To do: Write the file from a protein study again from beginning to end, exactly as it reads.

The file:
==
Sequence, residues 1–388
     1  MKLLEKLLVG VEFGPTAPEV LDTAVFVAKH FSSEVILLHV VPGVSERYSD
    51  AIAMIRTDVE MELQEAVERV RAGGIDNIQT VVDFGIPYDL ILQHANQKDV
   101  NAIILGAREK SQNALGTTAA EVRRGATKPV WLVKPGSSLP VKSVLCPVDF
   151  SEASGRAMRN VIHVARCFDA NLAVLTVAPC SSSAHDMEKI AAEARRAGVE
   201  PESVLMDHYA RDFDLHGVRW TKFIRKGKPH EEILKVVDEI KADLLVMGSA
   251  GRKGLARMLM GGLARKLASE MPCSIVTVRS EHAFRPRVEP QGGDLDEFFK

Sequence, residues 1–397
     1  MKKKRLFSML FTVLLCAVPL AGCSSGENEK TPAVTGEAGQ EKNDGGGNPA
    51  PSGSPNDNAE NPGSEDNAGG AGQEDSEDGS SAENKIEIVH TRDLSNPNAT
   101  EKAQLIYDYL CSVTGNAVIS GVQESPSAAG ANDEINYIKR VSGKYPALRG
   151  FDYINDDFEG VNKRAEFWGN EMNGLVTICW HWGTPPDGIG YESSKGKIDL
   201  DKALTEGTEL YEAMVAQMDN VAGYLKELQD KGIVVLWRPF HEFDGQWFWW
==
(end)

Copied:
Sequence, residues 1–388
     1  MKLLEKLLVG VEFGPTAPEV LDTAVFVAKH FSSEVILLHV VPGVSERYSD
    51  AIAMIRTDVE MELQEAVERV RAGGIDNIQT VVDFGIPYDL ILQHANQKDV
   101  NAIILGAREK SQNALGTTAA EVRRGATKPV WLVKPGSSLP VKSVLCPVDF
   151  SEASGRAMRN VIHVARCFDA NLAVLTVAPC SSSAHDMEKI AAEARRAGVE
   201  PESVLMDHYA RDFDLHGVRW TKFIRKGKPH EEILKVVDEI KADLLVMGSA
   251  GRKGLARMLM GGLARKLASE MPCSIVTVRS EHAFRPRVEP QGGDLDEFFK

Sequence, residues 1–397
     1  MKKKRLFSML FTVLLCAVPL AGCSSGENEK TPAVTGEAGQ EKNDGGGNPA
    51  PSGSPNDNAE NPGSEDNAGG AGQEDSEDGS SAENKIEIVH TRDLSNPNAT
   101  EKAQLIYDYL CSVTGNAVIS GVQESPSAAG ANDEINYIKR VSGKYPALRG
   151  FDYINDDFEG VNKRAEFWGN EMNGLVTICW HWGTPPDGIG YESSKGKIDL
   201  DKALTEGTEL YEAMVAQMDN VAGYLKELQD KGIVVLWRPF HEFDGQWFWW